Little Free Sled libraries provide the slides for winter rides
Updated: 6:10 p.m.
The idea behind the Little Free Library is pretty common throughout the country. If you need a book, pick a book.
That idea has bloomed into a new cold weather version, the "Little Free Sled Library." You might have heard NPR’s Ailsa Chang and Mary Louise Kelly talking about it earlier this week. An Instagram photo of the library has inspired others across the frozen plains to build their own.
MPR News host Tom Crann had a chance to speak to Tim Hereid of Minneapolis, the originator of this new twist on the idea.
Listen to the full conversation using the audio player above.
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It is inspired by the little free library, the book libraries. And what gave you the idea?
I wanted a way for any kid in the neighborhood who wanted to to be able to sled.
Our family — my wife and I and my two boys — live across from the Keewaydin sledding hill. This year, it's been really busy. I mean, as you can imagine, not a lot to do lots of people outside sledding. And we noticed more and more kids without sled.
So I thought it would be easy enough to put some two by fours together make a sled corral. And so I put up a sign, little free sled library figuring people would understand the concept, stocked it with sleds and stood back to see what happened.
It's been really wonderful because there is a constant rotating number of sleds in there. We've had sleds come and go. There's always five or six in there. We've had runner sleds, lots of plastic sleds, inflatable sleds, foam sleds and something for everybody to try.
Some of the little free libraries are overflowing. Has that happened with your sled library?
Occasionally it does overflow. It always seems to kind of find a balance over the weekend, though. But there have been sleds in there that are too big sleds in there that are too small and fall out.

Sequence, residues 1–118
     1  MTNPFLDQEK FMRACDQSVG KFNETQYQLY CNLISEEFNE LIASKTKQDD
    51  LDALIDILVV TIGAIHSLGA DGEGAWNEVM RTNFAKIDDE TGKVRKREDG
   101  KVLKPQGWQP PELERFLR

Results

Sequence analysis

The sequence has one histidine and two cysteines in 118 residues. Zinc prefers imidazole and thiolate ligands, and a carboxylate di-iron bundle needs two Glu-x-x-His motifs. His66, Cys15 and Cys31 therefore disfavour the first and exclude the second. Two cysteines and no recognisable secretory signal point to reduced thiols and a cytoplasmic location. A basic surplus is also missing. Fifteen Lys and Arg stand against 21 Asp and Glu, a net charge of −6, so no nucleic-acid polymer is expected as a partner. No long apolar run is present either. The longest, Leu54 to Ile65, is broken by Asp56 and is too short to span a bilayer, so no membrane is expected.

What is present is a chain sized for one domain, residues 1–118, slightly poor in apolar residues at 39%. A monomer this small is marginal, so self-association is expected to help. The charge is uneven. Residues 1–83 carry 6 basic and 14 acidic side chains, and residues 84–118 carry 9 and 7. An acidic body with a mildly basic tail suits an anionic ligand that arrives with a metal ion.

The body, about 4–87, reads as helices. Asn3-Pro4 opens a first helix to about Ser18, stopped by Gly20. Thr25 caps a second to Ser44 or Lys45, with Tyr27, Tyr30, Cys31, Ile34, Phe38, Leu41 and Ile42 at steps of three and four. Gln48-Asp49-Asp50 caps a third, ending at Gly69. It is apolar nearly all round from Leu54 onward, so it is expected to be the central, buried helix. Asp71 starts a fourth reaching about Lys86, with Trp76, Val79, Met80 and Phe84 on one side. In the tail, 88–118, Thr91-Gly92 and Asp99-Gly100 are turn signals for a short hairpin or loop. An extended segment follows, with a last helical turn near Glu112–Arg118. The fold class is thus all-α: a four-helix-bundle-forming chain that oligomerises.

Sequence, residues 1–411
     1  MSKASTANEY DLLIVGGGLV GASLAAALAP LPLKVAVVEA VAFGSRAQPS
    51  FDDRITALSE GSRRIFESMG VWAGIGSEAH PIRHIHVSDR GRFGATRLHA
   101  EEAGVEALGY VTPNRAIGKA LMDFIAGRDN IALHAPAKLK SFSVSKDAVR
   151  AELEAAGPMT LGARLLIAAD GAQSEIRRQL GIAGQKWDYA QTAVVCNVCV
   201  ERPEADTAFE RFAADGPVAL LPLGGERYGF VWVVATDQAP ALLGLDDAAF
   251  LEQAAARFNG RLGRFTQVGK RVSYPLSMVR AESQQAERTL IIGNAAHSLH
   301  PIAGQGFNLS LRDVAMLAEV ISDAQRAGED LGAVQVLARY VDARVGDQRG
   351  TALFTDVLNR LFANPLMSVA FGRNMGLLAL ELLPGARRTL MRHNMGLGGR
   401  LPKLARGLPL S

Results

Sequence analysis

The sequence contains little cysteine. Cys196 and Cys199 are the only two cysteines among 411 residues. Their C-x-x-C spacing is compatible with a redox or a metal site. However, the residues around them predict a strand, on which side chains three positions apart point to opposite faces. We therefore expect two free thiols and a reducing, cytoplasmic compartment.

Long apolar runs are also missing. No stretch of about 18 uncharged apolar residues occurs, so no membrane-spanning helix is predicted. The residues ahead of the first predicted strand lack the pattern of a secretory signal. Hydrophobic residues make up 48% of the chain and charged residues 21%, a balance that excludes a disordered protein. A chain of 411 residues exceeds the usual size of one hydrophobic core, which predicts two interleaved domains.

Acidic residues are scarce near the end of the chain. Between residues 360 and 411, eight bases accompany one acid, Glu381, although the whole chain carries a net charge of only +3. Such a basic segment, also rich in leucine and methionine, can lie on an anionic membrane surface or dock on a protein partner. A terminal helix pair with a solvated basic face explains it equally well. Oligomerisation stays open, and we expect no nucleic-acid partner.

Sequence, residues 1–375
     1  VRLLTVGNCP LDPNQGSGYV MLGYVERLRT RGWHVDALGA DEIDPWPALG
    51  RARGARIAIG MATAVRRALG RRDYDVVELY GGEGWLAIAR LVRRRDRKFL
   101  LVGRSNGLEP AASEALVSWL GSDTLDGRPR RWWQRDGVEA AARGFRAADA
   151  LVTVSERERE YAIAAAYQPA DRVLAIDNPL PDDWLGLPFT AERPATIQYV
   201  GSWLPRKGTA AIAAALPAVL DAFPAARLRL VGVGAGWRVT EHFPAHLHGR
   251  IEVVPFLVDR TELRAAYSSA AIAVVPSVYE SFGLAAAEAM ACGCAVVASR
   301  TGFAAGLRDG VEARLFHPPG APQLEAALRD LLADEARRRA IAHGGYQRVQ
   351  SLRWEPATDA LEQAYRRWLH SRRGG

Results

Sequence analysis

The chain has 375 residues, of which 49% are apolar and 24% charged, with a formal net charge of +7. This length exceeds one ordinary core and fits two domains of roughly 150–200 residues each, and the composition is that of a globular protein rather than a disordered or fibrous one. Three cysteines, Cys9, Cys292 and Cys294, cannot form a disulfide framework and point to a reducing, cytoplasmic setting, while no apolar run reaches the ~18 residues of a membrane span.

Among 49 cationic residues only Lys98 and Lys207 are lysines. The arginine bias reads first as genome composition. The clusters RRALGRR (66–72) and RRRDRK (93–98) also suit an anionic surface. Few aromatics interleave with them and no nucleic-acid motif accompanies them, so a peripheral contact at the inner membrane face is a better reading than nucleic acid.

But pretty much, we do find a balance. And you know, it's great. I see neighbors going over there to kind of organize everything, make sure everything is contained. Of course, the kids even do it themselves. So it's been great.
And everyone's putting them back? None of them have disappeared?
Well, they come and go and I think that's how little free libraries work. We've had sleds come and go, [and] come back. Sometimes they don't, but new sleds replace them. And I think that's kind of how it all works.
So for your own kids, what are they getting out of this or sort of learning from this experience?
They're very excited. They like to point it out to every other kid. Every time they go over to the sledding hill. They're both doing online school, so their recess is sledding. And so they go over there every day. Sometimes they bring our sleds, sometimes they just use what's in the library. And they're very proud to point out that it was our family who made it.
What else you want people to know about this experience?
We live in a world of abundance, but it's not available to everyone. And so I think little things like this can really help. I think everyone's done a great job, especially in my neighborhood, of doing their part this year. And I hope there can be other ideas like this.
My wife and I are considering putting up a little free building brick library of like Legos and Lincoln Logs and other things. I just hope there are more ideas like this to kind of share the wealth.
Are you or someone you know doing something special to help people get through the winter?We want to hear about it. You can send an email to email@example.com.
Editor’s note (Feb. 5, 2020): Since this piece was originally published, the Minneapolis Park and Recreation Board has removed the sled library and another in north Minneapolis. A spokesperson said they were removed from park property because the unsupervised activity could become a liability. The Park Board has also issued a notice saying that ice carousels and ice baths are not allowed without a permit. The spokesperson referred residents to the department's Fun on the Run and Adventure Hub programs for rentals and supervised activities. Hereid said that he and his neighbors are disappointed the sled library was removed and that they are asking the park board to reverse their decision.